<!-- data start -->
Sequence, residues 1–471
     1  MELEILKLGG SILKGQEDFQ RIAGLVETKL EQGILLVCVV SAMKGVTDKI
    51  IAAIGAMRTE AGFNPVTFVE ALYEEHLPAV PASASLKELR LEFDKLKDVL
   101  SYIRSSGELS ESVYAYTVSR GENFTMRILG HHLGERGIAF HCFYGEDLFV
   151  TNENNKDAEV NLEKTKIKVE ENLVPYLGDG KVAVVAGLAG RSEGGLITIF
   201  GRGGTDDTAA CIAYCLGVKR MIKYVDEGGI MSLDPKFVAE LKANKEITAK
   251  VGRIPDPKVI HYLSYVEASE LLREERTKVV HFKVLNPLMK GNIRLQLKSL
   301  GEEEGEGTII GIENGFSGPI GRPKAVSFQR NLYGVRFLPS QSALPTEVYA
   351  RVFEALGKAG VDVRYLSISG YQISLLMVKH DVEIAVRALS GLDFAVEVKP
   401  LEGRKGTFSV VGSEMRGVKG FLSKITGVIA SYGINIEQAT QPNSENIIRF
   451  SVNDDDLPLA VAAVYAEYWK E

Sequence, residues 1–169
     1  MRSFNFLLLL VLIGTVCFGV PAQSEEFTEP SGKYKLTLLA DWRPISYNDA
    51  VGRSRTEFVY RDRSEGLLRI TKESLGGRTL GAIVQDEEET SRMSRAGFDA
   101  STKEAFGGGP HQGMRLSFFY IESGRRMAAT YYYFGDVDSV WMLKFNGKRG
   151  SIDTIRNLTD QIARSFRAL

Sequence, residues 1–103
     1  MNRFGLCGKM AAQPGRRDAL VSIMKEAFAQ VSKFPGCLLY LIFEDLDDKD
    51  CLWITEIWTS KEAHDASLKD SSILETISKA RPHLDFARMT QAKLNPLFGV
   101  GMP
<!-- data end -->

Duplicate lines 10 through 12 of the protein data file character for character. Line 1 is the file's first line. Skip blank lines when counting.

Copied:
   401  LEGRKGTFSV VGSEMRGVKG FLSKITGVIA SYGINIEQAT QPNSENIIRF
   451  SVNDDDLPLA VAAVYAEYWK E

Sequence, residues 1–169